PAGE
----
The son of a Methodist pastor, Wang studied at the local schools in Fenghua near Ningbo, Zhejiang, and mission schools in Shanghai, Jiangsu, before entering the Anglo-Chinese College in Tianjin in 1895. He matriculated at the preparatory school of Peiyang University at age 14, but left his studies during the Boxer Uprising in 1900 to teach at the Anglo-Chinese College. He then taught at the Provincial High School at Changsha, Hunan, until 1905, when he went to study in Japan and became the secretary of the Chinese Young Men’s Christian Association (YMCA) in Tokyo. He continued his studies in the United States at the University of Michigan in 1907 and then transferred to Yale University in 1908. He returned to China in 1911 and served as secretary of the YMCA in Shanghai.
After the 10 Oct 1911 revolt at Wuchang, Wang was appointed a representative of Hubei to the Hankou Conference to organize a provisional national government. In 1913 he was appointed vice speaker of the Senate in Beijing. He was also the representative of the Kuomintang in Beijing. After Sun Yat-sen’s public criticism of Yuan Shi Kai in 1913, Wang left Beijing for Shanghai. He then became general secretary of the national YMCA while also acting as governor of the 81st District of Rotary International.
Wang was among the five Chinese delegates sent to the Paris Peace Conference (1919-20). They prevented the transfer of Shandong to Japan, insisting on its return to China. Wang returned to Shanghai in 1920 to concentrate on business enterprises. He was president of China College in Beijing from 1921 to the 1940s. In 1922 Wang was appointed minister of foreign affairs in Beijing, where he was acting premier for one month (mid-Dec 1922 to mid-Jan 1923). In 1924 he negotiated two agreements with the Russians on China’s behalf, but both were repudiated by the Chinese cabinet.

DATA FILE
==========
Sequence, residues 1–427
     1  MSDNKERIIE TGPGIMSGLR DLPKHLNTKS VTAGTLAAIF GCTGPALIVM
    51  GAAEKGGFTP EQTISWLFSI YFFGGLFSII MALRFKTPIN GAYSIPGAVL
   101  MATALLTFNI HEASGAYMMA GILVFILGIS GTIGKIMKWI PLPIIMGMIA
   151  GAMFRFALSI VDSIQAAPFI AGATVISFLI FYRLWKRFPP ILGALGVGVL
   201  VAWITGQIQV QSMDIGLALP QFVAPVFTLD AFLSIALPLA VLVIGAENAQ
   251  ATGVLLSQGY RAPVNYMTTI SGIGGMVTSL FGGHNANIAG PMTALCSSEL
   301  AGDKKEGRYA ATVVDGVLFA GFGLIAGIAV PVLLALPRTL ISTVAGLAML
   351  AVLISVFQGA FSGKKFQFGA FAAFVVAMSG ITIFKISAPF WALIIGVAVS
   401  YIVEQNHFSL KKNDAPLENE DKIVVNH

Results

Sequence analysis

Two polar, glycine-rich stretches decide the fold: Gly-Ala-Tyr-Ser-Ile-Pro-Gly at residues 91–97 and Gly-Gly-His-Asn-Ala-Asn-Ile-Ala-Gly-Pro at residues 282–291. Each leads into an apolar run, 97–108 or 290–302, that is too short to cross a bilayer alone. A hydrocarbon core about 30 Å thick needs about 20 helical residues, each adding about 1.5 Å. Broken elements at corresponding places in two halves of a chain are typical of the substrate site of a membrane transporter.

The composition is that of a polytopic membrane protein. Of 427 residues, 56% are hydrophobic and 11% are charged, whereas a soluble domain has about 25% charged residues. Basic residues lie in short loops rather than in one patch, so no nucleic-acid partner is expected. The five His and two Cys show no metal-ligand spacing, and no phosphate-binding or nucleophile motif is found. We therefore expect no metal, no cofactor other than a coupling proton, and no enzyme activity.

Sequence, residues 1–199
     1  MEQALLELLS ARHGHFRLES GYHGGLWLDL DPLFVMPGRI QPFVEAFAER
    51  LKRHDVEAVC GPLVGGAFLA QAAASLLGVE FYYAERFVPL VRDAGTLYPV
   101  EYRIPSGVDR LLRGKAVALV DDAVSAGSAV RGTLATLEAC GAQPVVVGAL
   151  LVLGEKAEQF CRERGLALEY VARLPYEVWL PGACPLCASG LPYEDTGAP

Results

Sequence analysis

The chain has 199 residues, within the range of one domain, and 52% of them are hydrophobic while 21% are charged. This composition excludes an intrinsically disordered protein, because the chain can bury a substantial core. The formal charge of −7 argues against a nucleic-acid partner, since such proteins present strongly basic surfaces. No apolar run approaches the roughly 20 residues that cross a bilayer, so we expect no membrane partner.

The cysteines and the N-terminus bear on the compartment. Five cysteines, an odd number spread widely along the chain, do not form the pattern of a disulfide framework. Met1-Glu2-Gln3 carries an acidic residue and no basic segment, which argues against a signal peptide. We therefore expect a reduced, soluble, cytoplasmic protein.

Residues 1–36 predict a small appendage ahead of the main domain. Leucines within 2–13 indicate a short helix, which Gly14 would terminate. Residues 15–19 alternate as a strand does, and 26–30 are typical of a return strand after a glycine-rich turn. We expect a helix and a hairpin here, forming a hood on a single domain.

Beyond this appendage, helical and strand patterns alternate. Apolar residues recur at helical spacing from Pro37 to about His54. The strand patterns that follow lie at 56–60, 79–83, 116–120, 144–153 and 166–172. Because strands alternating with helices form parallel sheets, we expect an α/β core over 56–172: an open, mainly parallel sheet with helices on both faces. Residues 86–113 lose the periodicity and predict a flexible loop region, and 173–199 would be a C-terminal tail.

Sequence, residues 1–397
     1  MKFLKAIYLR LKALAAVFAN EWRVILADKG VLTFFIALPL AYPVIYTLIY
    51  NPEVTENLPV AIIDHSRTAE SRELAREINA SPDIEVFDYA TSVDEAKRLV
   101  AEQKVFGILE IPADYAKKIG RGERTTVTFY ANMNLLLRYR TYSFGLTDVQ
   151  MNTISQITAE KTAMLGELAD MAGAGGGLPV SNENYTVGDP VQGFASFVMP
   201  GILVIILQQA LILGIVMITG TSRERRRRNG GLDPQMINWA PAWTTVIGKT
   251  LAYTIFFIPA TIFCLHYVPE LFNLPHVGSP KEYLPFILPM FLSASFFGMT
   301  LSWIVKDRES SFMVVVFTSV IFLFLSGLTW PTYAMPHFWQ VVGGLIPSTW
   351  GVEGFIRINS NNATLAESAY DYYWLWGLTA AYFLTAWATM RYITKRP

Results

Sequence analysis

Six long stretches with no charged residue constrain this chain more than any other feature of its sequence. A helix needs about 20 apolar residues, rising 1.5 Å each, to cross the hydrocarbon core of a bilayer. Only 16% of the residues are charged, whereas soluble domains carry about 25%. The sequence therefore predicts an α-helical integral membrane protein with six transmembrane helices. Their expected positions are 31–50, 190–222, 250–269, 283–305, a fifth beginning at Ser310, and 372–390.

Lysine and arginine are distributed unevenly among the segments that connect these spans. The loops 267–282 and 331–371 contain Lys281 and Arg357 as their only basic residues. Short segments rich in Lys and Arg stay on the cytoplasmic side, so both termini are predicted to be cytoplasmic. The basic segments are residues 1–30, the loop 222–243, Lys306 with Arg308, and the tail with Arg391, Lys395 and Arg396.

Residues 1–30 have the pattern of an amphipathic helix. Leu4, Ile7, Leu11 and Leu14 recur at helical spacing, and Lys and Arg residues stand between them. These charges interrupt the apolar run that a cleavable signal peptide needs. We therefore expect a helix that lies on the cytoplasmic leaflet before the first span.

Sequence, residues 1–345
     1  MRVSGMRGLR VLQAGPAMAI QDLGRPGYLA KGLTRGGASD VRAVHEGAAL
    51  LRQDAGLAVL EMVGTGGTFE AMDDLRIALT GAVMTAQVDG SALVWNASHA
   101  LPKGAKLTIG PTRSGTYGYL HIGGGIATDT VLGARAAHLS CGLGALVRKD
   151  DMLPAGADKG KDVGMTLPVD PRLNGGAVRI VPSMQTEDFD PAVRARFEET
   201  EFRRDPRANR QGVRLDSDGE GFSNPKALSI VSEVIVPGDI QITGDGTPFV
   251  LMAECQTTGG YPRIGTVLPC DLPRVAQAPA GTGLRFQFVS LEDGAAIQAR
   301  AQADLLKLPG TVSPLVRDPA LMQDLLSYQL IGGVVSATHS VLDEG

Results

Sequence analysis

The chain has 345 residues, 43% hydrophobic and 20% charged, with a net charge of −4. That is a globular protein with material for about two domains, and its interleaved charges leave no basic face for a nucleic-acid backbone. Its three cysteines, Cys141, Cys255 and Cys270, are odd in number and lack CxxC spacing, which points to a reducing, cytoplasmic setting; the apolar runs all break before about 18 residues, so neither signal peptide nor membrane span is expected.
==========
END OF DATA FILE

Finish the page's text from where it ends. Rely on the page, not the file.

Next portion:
From 1928 to 1931, Wang was foreign minister of the national government. He resigned after an almost fatal attack by students angry at the government’s failure to retaliate when the Japanese invaded Shenyang (Mukden) in Sep 1931. He went to the United States as the Chinese ambassador from 1936 to 1938. He then went to Hong Kong, where he helped the Bank of Communications relocate some of its assets to Manila, Philippines. He returned from Hong Kong and retired to Chongqing, Sichuan. In 1944, the same year of his wife’s death, Wang was appointed chairman of the Executive for Yuan’s war crimes investigation commission. He remarried in 1946. After the Communist takeover of China, he returned to Hong Kong, where he worked as chairman of the board of directors for the Pacific Insurance Company.
This article is reproduced, with permission, from A Dictionary of Asian Christianity, copyright © 2001 by Scott W. Sunquist, Wm. B. Eerdmans Publishing Co., Grand Rapids, Michigan. All rights reserved.
- Boorman, Howard L., ed., Biographical Dictionary of Republican China, Vol. III (1970).